Empowering young breast cancer patients

Hannah Butler is a second-year Therapeutic Radiography student, sharing her experiences working with breast cancer patients at The Royal Stoke University Hospital.

My placement is based in the Cancer Centre at The Royal Stoke University Hospital. I have also spent some time at New Cross Hospital in Wolverhampton. During my time on placement, I have seen such a variety of patients with different treatment backgrounds. Some may have had surgery or chemotherapy, or some may be palliative and the radiotherapy is used to relieve the symptoms caused by cancer. I have also seen some patients undergoing breast cancer clinical trials.   

In my first year, I shadowed a senior radiographer during a first day chat with a woman diagnosed with breast cancer. She was undergoing an intensive chemo and radiotherapy treatment regime, and I couldn’t help but notice that she was very young. I took the opportunity to ask her about how she was diagnosed with cancer and also about the signs that had led her to seek help.  

She disclosed that it was an accidental discovery whilst showering on holiday. She sought advice from a doctor after feeling a small lump. This lump could only ever be felt whilst she was in certain positions, and she reported that it seemed to vanish amongst the breast tissue and could not easily be located. Despite this, the doctor sent her for further tests that led to the diagnosis and subsequent treatments. 

I have found that it is younger women that seem to report that they accidentally find lumps when they were not intentionally checking for anything unusual. I see people who are much younger than myself diagnosed with breast cancer and some of them have shared how they discovered the changes which led to their diagnosis. This experience has taught me the importance of getting to know my body so that I can tell what is normal for me so that I can spot any unusual changes. I would strongly encourage anyone reading this to check their chest regularly to find out what is normal for their body.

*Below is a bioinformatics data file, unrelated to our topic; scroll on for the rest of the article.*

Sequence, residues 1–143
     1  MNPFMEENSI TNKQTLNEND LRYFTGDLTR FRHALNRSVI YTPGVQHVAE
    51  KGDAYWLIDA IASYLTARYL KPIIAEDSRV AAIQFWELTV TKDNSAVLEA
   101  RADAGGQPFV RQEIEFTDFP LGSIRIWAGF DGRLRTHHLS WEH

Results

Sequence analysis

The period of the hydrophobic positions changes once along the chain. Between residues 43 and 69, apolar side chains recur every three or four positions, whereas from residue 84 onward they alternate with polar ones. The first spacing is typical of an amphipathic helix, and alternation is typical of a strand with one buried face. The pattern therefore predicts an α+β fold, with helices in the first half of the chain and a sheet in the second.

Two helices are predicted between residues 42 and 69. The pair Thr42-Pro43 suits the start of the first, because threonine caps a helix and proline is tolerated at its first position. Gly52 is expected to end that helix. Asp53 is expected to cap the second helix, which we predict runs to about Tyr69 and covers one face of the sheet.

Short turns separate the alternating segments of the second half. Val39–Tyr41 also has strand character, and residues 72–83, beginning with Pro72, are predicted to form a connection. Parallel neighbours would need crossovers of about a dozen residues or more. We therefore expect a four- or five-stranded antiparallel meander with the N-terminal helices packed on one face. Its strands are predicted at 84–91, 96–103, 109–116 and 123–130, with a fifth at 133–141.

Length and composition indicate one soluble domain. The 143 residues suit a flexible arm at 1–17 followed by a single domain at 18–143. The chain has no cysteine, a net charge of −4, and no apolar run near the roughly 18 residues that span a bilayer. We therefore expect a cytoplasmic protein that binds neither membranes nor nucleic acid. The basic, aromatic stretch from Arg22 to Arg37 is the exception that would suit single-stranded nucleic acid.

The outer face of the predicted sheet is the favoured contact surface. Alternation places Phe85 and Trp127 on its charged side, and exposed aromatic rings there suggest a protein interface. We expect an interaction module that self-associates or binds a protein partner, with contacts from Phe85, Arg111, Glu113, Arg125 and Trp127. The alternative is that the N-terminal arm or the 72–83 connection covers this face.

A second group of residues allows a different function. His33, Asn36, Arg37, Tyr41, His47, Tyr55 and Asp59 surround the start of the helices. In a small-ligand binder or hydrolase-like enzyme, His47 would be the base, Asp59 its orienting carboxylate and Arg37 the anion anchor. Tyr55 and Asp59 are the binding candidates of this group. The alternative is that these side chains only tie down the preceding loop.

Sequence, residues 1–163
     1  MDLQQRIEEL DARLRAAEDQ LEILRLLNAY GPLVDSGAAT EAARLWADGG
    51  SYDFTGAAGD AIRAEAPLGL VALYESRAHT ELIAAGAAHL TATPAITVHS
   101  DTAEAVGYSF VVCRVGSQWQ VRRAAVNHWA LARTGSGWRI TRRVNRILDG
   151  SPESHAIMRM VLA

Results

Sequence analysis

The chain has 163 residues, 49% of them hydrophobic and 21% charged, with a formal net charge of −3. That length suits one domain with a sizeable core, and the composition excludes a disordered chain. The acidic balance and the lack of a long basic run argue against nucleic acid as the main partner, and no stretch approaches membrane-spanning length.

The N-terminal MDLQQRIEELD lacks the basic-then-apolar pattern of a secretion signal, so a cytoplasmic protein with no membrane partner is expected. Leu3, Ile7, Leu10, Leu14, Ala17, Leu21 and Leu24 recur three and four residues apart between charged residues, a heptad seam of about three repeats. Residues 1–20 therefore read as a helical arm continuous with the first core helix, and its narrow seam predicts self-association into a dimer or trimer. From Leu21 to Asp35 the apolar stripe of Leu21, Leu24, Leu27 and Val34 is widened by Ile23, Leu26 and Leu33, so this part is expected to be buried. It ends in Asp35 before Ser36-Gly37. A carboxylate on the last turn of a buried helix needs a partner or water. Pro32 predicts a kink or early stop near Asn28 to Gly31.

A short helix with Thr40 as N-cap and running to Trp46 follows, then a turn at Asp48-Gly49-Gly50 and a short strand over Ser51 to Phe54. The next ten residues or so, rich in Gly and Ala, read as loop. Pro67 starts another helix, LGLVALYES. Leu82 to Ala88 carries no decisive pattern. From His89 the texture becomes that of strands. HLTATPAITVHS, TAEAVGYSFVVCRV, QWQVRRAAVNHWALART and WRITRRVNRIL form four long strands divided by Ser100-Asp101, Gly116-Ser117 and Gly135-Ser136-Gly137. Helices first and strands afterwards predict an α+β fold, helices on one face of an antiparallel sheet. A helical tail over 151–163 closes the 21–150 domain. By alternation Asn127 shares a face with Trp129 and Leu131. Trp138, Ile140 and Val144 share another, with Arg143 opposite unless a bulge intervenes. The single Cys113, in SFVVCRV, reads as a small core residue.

It can be emotionally difficult to see patients go through a lot in such a short period of time from their initial diagnosis. Absorbing information can be distressing and traumatic for some patients and often, the information can not be fully processed within one conversation. Communication with a patient should consist of careful listening, good verbal and non-verbal communication, empathy and self-awareness. It can alleviate patient stress to sometimes talk through what the experience will be like from a sensory point of view as most patients are unsure of what to expect from the first radiotherapy treatment. 

It may surprise some, but the radiotherapy department is quite a cheerful and positive place. Seeing the same people each day can be great. Good days, bad days, I get to see such strength and it inspires me. I feel so proud to be a part of the treatment team. Even more so when the patient has completed their treatment and rings the bell! The whole team will take the time to stand and clap for them. It is such a wonderful and emotional moment.   

To me, Therapeutic Radiography stood out amongst other courses as it combines patient care, science and complex technology to deliver lifesaving cancer treatment using high energy x-rays. Personally, I have lost friends and family members due to cancer, some taken far too soon. I am happy to study in such a rewarding and interesting field.   

It is important to seek advice from a doctor if anything seems unusual. I highly recommend COPPAFEEL.ORG for great advice and resources about how to check your breast to spot any signs or symptoms that could be a cause for concern.    

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